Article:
General manager Tony Nguyen told the Orange County Register that six clients have already earned “bragging rights” for being the first to indulge in the “Glitz & Glamicure” package.

"We have clients that request services like this, so when we decided to do a luxurious menu, we talked with them about all the things they would want together," Nguyen told "I can't tell you their names, but there are women in Newport and Irvine that want to really splurge once in a while."


The spa’s second-tier package, the Gold Rush Manicure by Models Own, carries a price tag ranging from $2,500 to $10,000 and takes place in a private suite. A-listers will bask in gilded luxury as their nails are applied with Models Own Gold Rush lacquer, said to be the second-most-expensive nail polish in the world at $130,000 per bottle. The effect, according to, are nails that “shine like diamonds on a platter of gold.” The application of 24-karat gold flakes takes this manicure to the next level.

The Gold Rush Manicure includes champagne, facial, lash extensions and threading.

The third-tier package, ranging from $500 and $2,500, is the Haute Couture Manicure, which includes diamond nail art (up to 20 diamonds), mineral bath, facial, massage and polish.


Images Luxury Nail Lounge operates salons in Newport Beach and Irvine. A third location, also in Irvine, opened last week.

Photos courtesy of Images Luxury Nail Lounge.

Wednesday, June 24, 2015

Cornerback Orlando Scandrick Muffs His Marriage Proposal, But Scores With This Beautiful 7-Carat Diamond Ring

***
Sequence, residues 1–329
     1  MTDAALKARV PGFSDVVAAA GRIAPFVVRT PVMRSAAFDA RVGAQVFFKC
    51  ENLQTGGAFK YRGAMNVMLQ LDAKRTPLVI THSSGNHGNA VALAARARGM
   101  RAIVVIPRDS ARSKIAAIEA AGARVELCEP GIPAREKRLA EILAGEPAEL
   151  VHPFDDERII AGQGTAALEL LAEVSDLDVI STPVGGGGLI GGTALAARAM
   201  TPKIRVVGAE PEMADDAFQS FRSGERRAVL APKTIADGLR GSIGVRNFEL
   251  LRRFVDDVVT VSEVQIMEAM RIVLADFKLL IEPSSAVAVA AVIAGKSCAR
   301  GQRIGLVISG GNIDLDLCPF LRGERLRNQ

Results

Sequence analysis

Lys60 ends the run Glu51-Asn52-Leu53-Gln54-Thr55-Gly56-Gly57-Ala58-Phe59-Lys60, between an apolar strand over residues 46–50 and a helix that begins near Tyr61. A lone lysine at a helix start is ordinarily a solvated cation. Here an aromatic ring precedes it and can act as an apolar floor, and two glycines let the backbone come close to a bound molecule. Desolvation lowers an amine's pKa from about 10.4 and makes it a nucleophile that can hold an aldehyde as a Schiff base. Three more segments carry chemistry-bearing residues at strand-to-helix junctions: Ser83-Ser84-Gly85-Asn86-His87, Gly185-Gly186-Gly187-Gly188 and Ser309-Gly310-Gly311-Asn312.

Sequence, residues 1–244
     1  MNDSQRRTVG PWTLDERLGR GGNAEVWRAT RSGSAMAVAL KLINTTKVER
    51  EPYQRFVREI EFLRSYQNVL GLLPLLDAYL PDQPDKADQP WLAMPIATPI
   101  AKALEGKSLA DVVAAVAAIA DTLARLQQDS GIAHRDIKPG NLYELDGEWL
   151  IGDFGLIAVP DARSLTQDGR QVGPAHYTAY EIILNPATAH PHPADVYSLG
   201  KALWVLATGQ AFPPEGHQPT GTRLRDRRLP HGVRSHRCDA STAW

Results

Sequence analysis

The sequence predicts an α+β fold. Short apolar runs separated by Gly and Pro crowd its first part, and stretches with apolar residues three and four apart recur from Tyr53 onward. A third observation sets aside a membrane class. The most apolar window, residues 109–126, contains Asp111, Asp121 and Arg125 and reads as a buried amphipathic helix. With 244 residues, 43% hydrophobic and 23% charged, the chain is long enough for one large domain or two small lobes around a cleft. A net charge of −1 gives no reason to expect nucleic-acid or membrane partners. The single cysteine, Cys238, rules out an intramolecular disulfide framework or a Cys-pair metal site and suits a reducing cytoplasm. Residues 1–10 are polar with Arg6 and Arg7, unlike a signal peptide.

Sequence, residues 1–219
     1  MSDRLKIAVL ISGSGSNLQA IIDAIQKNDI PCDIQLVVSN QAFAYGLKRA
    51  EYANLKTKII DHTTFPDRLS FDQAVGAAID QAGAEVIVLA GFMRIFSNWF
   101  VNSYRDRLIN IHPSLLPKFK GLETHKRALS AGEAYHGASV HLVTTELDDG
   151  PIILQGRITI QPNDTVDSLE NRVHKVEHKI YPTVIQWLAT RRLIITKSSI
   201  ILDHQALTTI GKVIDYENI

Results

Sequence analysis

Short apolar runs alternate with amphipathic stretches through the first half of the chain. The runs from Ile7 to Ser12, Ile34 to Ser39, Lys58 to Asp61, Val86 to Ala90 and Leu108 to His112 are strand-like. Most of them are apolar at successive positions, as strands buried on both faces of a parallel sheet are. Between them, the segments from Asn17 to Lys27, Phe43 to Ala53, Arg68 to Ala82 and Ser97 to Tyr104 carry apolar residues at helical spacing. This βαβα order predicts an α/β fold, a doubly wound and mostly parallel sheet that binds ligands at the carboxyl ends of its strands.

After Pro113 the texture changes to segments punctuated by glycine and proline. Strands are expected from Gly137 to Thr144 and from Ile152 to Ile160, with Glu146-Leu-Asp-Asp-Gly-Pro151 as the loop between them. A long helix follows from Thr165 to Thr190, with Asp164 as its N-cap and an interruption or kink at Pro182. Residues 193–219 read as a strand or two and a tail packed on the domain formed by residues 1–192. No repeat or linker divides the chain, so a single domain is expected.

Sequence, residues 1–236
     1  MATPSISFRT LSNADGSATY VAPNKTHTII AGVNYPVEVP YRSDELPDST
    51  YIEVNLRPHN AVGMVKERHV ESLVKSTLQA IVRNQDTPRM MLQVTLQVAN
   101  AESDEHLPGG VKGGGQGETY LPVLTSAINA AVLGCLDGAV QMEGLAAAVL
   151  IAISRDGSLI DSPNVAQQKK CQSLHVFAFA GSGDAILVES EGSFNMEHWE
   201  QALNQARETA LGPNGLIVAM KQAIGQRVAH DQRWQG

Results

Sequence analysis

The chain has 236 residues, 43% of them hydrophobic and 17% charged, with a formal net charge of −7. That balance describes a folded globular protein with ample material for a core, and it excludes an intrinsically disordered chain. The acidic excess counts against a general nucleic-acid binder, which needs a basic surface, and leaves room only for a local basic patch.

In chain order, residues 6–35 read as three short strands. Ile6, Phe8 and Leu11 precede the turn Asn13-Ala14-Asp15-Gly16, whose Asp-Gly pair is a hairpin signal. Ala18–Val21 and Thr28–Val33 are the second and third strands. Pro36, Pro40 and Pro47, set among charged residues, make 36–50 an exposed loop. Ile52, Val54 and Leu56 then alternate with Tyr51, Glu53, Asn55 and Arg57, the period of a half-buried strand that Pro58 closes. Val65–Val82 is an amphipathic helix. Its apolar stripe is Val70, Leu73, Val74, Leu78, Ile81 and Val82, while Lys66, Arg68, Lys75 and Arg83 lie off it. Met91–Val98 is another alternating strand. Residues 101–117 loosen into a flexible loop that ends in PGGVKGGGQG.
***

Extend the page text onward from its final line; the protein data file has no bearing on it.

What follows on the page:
Dallas Cowboys cornerback Orlando Scandrick is used to the intense pressure of matching up against the best receivers in the NFL, but the prospect of popping the question to Basketball Wives LA star Draya Michele was a bit too much for the 28-year-old to handle.


The proposal was set to take place during a special night out at Arclight Cinemas in Sherman Oaks, Calif. — the same place where they had their first date. But as the evening wore on Michele could sense that Scandrick was off his game.

"He was acting so weird and so nervous," Michele, 30, told People magazine. "When he walked up to the bar he tripped and fell over some chairs! I was thinking, 'What in the world is wrong with him?'”


Scandrick brushed himself off and attempted to go forward with the marriage proposal. That’s when the silly moment grew even more awkward.

"He got down on one knee and as soon as he started to talk I got nervous and couldn't help but to laugh hysterically. I was laughing and crying at the same time," Michele reported.


Even though Scandrick muffed the proposal, he scored big with his selection of a beautiful 7-carat cushion-cut diamond ring, reportedly worth $400,000. The cornerback is credited with designing the ring with the assistance of Beverly Hills jeweler Jason Arasheben.

“He was one of the most detailed-oriented clients," Arasheben said in a statement. "He wanted to make sure the ring was perfect, and she couldn't be happier."

Last Friday, Michele took to Instagram to show off the dazzling ring. She modeled the ring against a background of red roses.


Here’s how she captioned the shot: "Yesterday, the love of my life asked me to be his wife...I said YES!!! Love you @oscandrick32 forever starts now."

The engagement news caught some fans by surprise because the couple had announced a split only a few months ago. Celebrity watchers reported that their busy lives had taken a toll on their relationship. Clearly, all is well now.

Michele, a model and actress, has starred on VH1's reality show Basketball Wives LA since the show’s debut in 2011. Scandrick, who was drafted by the Cowboys in 2008, has emerged as one of the best cornerbacks in the NFL, often handling the assignment of locking down the oppositions’ best receivers.


The couple is ready to blend a family that includes Michele's 12-year-old son, Kniko Arenas, and Scandrick's twin girls, five-year-old Tatyana Scandrick and Taylor Scandrick.

Images: Instagram/sodraya, Instagram/oscandrick32

Tuesday, June 23, 2015